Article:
New research has provided some of the strongest evidence to date linking Parkinson’s disease with pesticide exposure.
Scientists at the University of Texas Southwestern Medical Centre in Dallas found that heightened levels of a particular pesticide in a person’s blood may result in an increased risk of Parkinson’s.
The team believes that the finding could lead to a blood test that that will identify those who are potentially susceptible. These individuals could be given preventative treatment and monitored for early signs of the disease.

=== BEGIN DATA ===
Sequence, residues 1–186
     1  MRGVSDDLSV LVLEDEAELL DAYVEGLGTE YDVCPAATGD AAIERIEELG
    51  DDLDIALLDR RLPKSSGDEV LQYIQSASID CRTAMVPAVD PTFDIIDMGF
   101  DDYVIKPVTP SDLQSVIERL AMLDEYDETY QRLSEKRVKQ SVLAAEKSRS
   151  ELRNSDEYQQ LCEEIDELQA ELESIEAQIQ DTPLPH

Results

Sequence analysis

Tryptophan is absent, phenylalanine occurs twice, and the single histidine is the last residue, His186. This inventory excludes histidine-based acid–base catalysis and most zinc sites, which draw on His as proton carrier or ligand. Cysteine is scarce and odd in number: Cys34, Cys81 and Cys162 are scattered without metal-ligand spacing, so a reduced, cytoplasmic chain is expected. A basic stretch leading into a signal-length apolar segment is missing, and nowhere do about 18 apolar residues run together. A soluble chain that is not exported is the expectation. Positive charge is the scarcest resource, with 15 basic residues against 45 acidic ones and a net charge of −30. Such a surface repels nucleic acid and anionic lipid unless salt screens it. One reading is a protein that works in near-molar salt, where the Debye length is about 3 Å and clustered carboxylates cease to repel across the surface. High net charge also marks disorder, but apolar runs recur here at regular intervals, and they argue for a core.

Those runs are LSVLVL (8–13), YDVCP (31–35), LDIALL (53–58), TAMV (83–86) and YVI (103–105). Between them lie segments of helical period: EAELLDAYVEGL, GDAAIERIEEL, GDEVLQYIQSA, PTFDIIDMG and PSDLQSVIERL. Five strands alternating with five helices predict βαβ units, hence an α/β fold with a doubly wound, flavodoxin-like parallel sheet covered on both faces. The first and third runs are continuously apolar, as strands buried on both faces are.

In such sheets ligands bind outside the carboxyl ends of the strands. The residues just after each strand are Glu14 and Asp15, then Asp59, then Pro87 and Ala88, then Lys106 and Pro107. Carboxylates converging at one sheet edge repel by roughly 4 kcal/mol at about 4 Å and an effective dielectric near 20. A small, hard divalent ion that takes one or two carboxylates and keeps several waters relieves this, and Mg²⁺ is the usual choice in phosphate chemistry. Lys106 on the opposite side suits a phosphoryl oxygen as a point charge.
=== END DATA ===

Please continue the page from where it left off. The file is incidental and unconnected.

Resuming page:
The research is the first to find a specific pesticide chemical in the blood, despite previous studies highlighting higher than normal levels of organochlorine pesticides such as DDT in the brains of Parkinson’s patients.
Tests were carried out on the blood of 113 people - 50 of whom had Parkinson’s, 43 who were healthy, and 20 who had Alzheimer’s disease - to search for traces of 15 organochlorine pesticides.
One chemical, beta-HCH (hexachlorocyclohexane), was unusually likely to be found in the blood of people with Parkinson’s.
More than three quarters (76%) of the samples contained Beta-HCH, compared with 40% of the healthy volunteers and 30% of Alzheimer’s sufferers.
Blood levels of the chemical were also higher among Parkinson’s patients compared with other groups.